Discover the real colors of the planets as they would look if a human were staring at them with his own eyes.
Scroll left and right and tap planets
Sun light is actually more green than any other color, but if a brave human were to be in space and stare at it, it would look pure white.
The yellow, orange and red tones humans see from Earth are just the result of the sunlight being filtered by the atmosphere, which absorbs blueish wavelenghts and lets the reddish ones pass.
He is so small he doesn't have much atmosphere, that's why what human eyes would see is just its gray rocky surface, and maybe some really slight glimpses of red due to high reflectance deposits that resulted from volcanic activity.
With a really thick atmosphere with huge sulfuric acid clouds, the surface of Venus would be a mistery if it weren't for the probes that landed there. When a human looks at it from space, he sees a very pale, almost white yellow shade. Venus is also the brightest object of earth's night sky.
When viewed from space, the human home planet has predominant beatiful shades of dark blue, cloudy areas look white and pastel blue and, if you're lucky, you can see brick-red continents and occasional dark green vegetation patches.
It looks beautifully grey up there in the sky. The darker spots are the lunar seas (or lunar maria), large plains of a different shade of ancient volcanic material.
Humans like to stare at their Moon with awe and romantic eyes. Following their dream of exploring the Universe, humans are actually planning to build there a Moon Village.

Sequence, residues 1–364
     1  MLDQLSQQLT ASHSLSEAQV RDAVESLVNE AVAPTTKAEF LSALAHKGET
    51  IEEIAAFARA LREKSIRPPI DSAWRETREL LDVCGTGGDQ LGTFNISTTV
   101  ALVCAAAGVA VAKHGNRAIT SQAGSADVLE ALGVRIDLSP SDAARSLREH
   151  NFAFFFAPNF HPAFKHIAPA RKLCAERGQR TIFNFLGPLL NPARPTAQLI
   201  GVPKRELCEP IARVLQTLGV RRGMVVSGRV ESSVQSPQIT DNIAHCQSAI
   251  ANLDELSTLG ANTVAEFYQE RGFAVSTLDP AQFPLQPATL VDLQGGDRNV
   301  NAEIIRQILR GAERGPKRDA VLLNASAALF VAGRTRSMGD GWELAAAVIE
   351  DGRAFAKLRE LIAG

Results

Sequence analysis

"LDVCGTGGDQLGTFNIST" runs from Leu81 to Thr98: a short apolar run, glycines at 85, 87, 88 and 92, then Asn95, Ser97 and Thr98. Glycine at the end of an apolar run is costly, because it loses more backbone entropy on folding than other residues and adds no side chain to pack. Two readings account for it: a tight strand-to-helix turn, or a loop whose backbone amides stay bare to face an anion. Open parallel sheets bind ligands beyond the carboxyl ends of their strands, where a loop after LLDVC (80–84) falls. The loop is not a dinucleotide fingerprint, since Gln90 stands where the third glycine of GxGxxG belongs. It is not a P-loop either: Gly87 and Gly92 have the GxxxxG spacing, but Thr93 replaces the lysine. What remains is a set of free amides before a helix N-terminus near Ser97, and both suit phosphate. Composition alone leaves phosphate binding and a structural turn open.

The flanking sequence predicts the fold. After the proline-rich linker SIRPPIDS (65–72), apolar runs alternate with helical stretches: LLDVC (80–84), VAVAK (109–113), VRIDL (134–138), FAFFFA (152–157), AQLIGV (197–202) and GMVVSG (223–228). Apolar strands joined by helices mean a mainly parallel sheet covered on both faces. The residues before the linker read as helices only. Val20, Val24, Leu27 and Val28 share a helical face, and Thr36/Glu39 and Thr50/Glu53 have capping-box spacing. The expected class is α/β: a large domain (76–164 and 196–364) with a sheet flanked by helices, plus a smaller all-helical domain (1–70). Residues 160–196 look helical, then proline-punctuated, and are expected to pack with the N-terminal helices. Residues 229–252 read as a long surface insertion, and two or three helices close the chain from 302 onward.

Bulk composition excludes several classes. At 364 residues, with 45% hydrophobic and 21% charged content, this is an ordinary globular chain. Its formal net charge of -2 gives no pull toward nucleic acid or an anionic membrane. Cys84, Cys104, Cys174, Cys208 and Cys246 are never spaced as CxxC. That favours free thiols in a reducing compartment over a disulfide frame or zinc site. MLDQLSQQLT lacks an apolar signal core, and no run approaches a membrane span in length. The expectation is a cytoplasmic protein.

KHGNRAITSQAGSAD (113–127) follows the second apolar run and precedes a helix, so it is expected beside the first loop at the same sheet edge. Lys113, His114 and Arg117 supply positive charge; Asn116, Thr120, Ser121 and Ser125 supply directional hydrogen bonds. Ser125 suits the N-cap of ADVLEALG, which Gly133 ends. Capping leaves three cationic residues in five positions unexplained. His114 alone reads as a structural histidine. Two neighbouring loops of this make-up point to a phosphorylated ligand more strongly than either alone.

The rusty rocks of Mars and the dust suspended in the atmosphere make it look reddish brown when a human sees it from space. Some areas are tinted with darker browns because they have different reflectance properties (albedo). If you look carefully and you are lucky enough to visit Mars when there are no giant dust-storms, you'll also see many white shades in the caps because of huge ice deposits.
There is no surface to see in the big gaseous bodies of the Solar System. Rotation and powerful storms makes Jupiter look like dressed in parallel stripes of pale orange/brown and white shades. If a human were to look carefully, he would also find some tints of blue, which are just areas with fewer clouds that would allow him to look deeper into Jupiter's heart.
The Great Red Spot in the lower right area is a huge storm the size of Earth that is believed has been active for at least 350 years now. The lower left black spot is one of Jupiter's moons shadows passing by.
Saturn also dresses in stripes like his beighbor, but Saturn's would look of various shades of pale gold to a human in orbit, and much less contrasted because of lower density clouds. Depending on the season, the difference in temperature between the north and south hemisphere makes one look a little more pale blue than the other.
Saturn rings might look pale sandy and grey, but if a human were close enough, he would be also able to see some beautiful shades of light pink. In the image, the middle dark spot is the shadow of one of Saturn's many moons, Enceladus.
To a human observer, Uranus shines in a pleasant and consistent shade of pale blue, with slight traces of greenish blue, a common light absorption characteristic of Methane.
Lately, electronic eyes have found some interesting fireworks that are happening under the Methane mist.
Neptune looks pale blue much like his brother Uranus, but a human observer would be able to see some interesting differences, like a prominent spot that appears darker because of lower clouds and some horizontal stripes in greyer blues and occasional white spots, which are believed to be made of frozen Methane.
Pluto shows his love for the Solar System with a huge glacier in the shape of a heart that is believed to actually beat over time, colored in a contrast of light and dark earthy browns.